By Iacovos Constantinou
EVER since I can remember, (almost all) football clubs in Cyprus were run in more or less the same way as our public finances, always spending much more than what they could afford.
This led to a number of clubs teetering on the brink of bankruptcy, clubs with debts of more than 4-5 times their annual turnover.
In the past couple of years all related parties (UEFA, banks, creditors) began turning the screw on the clubs and some clubs responded by trying to bring in checks on their expenses.
However, it was all too little too late. The recent Eurogroup debacle ‘helped’ clubs justify what was to follow and in effect confirmed that Cyprus football was in intensive care in a comatose condition.
In a recent report released by the player’s union the Pancyprian Football Association (PFA), last month, of the twelve first division teams only one had no outstanding payments towards its players. Nine teams owed three or more salaries with two clubs having not paid their players anything in 2013!
According to Spyros Neophytides, the President of PFA, they had alerted the Cyprus Football Assoociation (CFA) more than three years ago about the overspending of Cyprus clubs and the need to monitor and exert some economic control over them.
“The signs were there for everyone to see. We wanted to protect our members and were merely asking for the basics, the timely payment of their salaries. Most of the clubs were and are in the red but if measures had been taken when we had first raised the issue with the CFA perhaps we would not have been in this predicament now.”
Four clubs have already failed UEFA’s March criteria and have been docked three points for next season as well as not being allowed to make any transfers unless they settle their dues. With June’s criteria coming up shortly it is almost certain that more points will be docked off clubs and the list may grow longer.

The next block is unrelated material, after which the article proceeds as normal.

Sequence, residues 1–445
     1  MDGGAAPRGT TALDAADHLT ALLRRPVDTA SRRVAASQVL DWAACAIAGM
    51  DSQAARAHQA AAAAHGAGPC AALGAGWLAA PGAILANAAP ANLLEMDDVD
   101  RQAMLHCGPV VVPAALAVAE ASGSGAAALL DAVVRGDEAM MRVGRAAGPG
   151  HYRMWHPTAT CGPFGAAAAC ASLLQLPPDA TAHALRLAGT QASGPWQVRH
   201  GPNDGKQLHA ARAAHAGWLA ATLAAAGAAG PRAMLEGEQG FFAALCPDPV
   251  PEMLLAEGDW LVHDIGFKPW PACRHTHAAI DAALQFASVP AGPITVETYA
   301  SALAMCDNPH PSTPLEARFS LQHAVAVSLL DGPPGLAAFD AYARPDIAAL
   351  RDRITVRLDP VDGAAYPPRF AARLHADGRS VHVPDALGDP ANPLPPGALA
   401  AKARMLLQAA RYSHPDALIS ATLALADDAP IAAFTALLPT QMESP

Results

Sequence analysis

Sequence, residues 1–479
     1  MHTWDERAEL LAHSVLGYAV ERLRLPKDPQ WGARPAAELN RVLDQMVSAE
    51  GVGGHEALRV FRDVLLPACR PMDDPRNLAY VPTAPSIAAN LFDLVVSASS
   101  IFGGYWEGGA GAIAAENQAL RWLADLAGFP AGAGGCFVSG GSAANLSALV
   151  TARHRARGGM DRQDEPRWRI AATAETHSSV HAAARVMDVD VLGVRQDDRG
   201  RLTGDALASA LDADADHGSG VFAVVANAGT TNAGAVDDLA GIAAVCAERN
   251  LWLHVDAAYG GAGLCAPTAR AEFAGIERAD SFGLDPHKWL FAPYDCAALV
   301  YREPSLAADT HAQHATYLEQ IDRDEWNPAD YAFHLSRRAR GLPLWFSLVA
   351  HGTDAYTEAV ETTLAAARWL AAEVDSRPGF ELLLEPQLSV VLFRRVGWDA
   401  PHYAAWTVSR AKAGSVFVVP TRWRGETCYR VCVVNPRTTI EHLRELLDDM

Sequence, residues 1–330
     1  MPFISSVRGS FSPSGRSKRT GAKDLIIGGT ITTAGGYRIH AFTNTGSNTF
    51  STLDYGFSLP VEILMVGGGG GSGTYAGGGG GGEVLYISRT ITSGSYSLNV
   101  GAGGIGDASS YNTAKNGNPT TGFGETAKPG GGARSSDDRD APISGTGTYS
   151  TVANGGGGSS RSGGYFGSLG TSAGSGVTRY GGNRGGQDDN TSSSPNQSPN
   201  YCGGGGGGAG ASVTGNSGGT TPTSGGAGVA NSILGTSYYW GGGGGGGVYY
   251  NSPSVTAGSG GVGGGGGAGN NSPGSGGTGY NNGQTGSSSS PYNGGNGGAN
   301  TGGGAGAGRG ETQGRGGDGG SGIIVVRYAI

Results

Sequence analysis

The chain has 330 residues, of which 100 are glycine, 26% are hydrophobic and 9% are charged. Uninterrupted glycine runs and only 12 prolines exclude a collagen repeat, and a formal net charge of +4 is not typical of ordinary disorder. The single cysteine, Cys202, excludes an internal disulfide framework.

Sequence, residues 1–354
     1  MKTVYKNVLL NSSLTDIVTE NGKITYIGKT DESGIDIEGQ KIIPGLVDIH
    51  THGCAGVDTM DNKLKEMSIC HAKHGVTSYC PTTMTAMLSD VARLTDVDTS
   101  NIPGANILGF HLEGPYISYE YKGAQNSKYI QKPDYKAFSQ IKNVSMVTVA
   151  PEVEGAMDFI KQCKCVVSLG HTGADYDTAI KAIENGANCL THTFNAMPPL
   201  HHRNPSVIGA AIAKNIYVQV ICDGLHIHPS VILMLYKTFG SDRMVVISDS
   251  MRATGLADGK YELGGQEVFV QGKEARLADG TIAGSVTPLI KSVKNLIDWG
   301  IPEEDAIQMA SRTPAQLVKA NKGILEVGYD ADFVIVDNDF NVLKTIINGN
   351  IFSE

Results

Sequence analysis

Clubs have finally realised that the party is over. Omonia, one of the most indebted teams, began their streamlining a couple of years ago and it has been reported that for the season 2013-2014, there will be a further 60% budget cut. It is also rumoured that two of its most prized assets will be sold to further reduce the existing debt. In fact, Omonia managed to pass the UEFA March criteria thanks entirely to the generosity and loyalty of their fans who managed to raise almost €3 million in donations in a very short period of time.
Anorthosis, with debts of €13 million, of which just under €5 million need to be serviced soon, said that they will slash their budget to €1.5 million. Anorthosis have managed to sell off one of their prized assets, striker Laborde, for €1.2 to raise some of the much needed capital.
Even APOEL, who enjoyed two spells in the group stages of the Champions League in recent years and were rewarded with more than €25 million is believed to be looking to reduce its budget by 40%.
Clubs will also have to accept reduced sponsorships be it for TV rights, kit sponsors etc. There have even been discussions about switching games to afternoon kick-offs, as in many cases gate receipts do not even cover the electricity cost for floodlights!
Another worrying aspect facing Cyprus football is the rise in hooliganism that directly affects the viability of clubs. Not a ‘big’ game goes by without some kind of violence, either inside or outside the grounds. Police seem to have been unable or even unwilling to combat this football scourge
Current champions APOEL will begin the season with three games being played behind closed doors whilst the same applies for Anorthosis’ first three European games. In all their wisdom the CFA has allowed clubs to buy out their penalty by paying a fine of €40.000, in a way ‘permitting’ hooliganism provided you have the cash!
According to unofficial estimates, over the past three years, APOEL have paid in fines or lost revenues, both in Europe and Cyprus around two million euros. This must be some kind of record especially if one considers that Paralimni, a first division mid-table team, will have a budget of no more than €500.000 for the coming season.
It seems as though the problems do not end here. Over the past few months, and especially since the playoffs began, the CFA has been receiving the notorious ‘red envelopes’ from UEFA at an alarming rate. Red envelopes are sent to a country’s football association when UEFA’s initial investigation is almost certain that a game has been fixed.